The role of the significance of organisational culture has been historically difficult to define and apply to the school setting. This thesis is concerned with the factors that contribute to the modality (ie. the most typical way of being) of a school and the ways in which this interacts with the teaching and learning of Health Education in England.It draws on the works of Bernstein, Daniels and Vygotsky, where their ideas of power and control are mediated both through discourse and action at both the micro-level of the classroom and the macro-level of the school as an organisation. Their theories form the link between what happens at the level of pupil learning within the school and the outcomes of the pedagogy that is taught. The health aspects can be integrated with the above by combining Antonovsky’s concepts of Salutogenesis and ‘sense of coherence’.Four High Schools within one English LEA participated in the research in 2008. Collected data included interviews, observations and questionnaires from pupils and staff. The outcomes from the analyses considered how the schools operationalised Health Education as part of the Personal, Social, Health and Economic education programme. The research also considered the consequences and learning experiences for the pupils. A link has been found between the type of school modality and the status of Health Education that exists in each school post the 1988 Education Reform Act.The use of the ideas associated with Salutogenesis can be seen as a way towards instilling the notion that health is a valuable personal commodity that is needed throughout the life course. Schools are well placed to continue promoting positive health education and could introduce a ‘Health Passport’. This would effectively encourage individuals to take responsibility for their attitude and behaviour towards their own health because it is a resource for everyday living. The correct modality conditions within a school will enable this idea to succeed.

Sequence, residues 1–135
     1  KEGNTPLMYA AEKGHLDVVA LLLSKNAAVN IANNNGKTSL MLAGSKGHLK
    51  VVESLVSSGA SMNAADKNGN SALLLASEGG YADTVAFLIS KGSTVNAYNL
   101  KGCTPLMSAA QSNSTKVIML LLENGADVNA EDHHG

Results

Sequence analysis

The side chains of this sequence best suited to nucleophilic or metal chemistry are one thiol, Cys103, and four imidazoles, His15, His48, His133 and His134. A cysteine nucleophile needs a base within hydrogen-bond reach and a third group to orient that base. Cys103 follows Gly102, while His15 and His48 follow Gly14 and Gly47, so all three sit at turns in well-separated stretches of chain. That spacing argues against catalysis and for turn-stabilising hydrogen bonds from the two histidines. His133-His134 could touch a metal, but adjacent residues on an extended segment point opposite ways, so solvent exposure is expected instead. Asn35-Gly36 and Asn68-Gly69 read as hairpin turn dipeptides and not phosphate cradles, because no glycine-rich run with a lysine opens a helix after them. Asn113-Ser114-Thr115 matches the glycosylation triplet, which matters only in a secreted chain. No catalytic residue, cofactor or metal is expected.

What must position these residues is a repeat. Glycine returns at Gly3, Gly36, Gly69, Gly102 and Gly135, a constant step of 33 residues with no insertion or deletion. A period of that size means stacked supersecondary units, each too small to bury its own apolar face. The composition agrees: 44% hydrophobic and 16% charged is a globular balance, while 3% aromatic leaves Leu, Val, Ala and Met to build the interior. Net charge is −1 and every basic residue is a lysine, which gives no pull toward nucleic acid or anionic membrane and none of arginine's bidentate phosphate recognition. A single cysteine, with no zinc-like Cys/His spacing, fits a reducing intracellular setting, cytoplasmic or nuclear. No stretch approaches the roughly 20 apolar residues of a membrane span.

|Date of Award||1 Jul 2016|
|Supervisor||Harry Daniels (Supervisor)|